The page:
The majority of ultra-compact dwarf galaxies, (UCDs), which are mysterious objects characterized by high stellar population counts, are actually very massive clusters of bright stars, a new study has revealed.
UCDs can be found in nearby galaxy clusters and are characterized by a compact morphology (30-300 light-years in size) and high masses (more than one million solar masses). More generally, their properties (e.g., their size, shape, or luminosity) are similar to those of both star clusters and dwarf galaxies.
Several hundred UCDs have been found to date. Two main formation channels for these puzzling objects have been proposed so far. UCDs might either be very massive star clusters or be 'normal' dwarf galaxies transformed by tidal effects.
S. Mieske, M. Hilker, and I. Misgeld (ESO) have defined new statistical tools that relate the number of UCDs to the total luminosity of their host environment.
This allowed them to use statistical arguments to test the hypothesis that UCDs are bright star clusters. They predicted that if UCDs are bright star clusters, we would expect to find only one or two UCDs around the Milky Way, which corresponds to what is seen, as omega Centauri is the only Milky Way satellite that can be considered a UCD.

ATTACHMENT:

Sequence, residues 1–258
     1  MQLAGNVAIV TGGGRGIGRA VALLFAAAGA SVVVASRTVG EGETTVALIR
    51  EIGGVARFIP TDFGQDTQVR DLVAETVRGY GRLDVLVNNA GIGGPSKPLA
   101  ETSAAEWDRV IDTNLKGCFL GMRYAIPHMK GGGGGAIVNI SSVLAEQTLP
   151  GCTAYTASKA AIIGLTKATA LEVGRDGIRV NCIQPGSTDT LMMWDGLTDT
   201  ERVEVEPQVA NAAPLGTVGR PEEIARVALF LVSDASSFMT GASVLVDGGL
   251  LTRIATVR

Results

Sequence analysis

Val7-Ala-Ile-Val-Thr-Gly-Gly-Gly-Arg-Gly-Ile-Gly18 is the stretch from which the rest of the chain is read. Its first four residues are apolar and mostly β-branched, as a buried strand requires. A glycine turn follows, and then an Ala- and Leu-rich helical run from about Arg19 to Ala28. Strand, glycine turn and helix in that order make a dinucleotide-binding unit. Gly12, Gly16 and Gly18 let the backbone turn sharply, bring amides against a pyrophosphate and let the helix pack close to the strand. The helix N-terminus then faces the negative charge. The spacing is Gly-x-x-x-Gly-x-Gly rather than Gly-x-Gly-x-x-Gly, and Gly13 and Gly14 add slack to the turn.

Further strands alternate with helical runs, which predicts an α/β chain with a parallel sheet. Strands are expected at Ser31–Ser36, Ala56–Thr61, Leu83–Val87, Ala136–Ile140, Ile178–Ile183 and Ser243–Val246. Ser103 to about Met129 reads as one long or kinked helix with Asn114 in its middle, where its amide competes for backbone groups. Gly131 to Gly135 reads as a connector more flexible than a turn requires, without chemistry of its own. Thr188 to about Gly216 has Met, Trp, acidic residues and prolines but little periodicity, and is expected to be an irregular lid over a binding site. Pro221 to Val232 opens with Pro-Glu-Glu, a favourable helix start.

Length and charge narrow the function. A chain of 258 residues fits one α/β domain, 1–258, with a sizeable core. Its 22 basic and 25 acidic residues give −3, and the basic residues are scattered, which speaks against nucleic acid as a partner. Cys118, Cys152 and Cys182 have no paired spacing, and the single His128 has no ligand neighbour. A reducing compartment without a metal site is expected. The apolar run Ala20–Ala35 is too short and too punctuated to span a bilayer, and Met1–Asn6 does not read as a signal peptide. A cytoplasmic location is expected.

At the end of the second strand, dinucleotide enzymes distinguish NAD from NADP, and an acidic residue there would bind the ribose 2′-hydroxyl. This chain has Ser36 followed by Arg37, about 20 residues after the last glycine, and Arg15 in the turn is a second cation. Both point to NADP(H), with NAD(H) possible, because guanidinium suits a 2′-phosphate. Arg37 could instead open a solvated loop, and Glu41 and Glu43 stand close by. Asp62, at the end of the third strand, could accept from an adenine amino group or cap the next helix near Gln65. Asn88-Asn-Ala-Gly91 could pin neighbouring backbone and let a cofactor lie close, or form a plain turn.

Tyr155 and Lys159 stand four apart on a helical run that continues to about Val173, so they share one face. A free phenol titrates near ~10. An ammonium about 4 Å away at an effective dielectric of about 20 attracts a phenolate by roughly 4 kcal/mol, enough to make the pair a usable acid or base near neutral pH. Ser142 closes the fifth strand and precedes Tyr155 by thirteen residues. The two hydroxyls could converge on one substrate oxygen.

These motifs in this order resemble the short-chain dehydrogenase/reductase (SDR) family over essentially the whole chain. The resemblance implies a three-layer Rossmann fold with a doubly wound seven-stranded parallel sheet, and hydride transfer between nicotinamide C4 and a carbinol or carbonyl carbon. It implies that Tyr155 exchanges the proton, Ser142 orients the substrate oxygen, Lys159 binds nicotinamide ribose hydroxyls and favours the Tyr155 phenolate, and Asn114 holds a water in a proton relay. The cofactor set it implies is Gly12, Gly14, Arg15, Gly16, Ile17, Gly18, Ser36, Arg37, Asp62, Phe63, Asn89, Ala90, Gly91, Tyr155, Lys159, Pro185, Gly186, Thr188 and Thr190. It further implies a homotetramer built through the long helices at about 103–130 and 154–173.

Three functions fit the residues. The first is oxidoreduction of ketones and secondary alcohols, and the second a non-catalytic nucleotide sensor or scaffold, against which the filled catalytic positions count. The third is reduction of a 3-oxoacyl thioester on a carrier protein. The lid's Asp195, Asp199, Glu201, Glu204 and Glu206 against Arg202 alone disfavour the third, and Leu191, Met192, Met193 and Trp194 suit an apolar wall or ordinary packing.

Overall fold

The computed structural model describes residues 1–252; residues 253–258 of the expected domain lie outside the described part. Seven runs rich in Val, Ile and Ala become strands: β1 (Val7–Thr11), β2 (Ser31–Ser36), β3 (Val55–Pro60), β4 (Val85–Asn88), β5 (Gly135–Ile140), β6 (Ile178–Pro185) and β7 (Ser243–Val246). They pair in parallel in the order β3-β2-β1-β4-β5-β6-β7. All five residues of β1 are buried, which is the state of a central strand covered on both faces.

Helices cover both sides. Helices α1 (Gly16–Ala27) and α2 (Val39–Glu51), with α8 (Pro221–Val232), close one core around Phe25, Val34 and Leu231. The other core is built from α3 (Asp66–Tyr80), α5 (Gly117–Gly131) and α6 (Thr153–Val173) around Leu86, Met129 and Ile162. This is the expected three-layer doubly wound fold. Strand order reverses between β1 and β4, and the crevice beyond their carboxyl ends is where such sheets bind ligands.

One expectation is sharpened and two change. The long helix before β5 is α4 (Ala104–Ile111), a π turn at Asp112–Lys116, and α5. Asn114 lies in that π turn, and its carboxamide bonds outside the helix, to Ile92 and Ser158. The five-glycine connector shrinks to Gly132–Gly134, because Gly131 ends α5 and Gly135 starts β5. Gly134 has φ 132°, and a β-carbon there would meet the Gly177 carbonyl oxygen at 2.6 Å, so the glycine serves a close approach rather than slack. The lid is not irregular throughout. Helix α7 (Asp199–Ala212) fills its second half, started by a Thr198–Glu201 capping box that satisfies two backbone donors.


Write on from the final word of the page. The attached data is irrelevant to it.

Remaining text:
With their new tools at hand, the authors investigated the results of spectroscopic UCD surveys in the environment of massive galaxy clusters such as Fornax, Hydra, and Centaurus, as well as in galaxy groups like our very own Local Group.
Most data analysed were obtained at ESO's Very Large Telescope in Chile, using the instruments FLAMES, VIMOS, and FORS2. For the Fornax cluster, they also used a large database of compact stellar objects, which contained about 180 UCDs.
This statistical study clearly showed that the luminosity distribution of UCDs matched very well with that of the brightest globular star clusters. It supported the hypothesis that the most of of UCDs are in fact very massive star clusters. From a statistical point of view, there is no need to invoke another scenario to explain the origin of UCDs.
The study has been published in Astronomy and Astrophysics.
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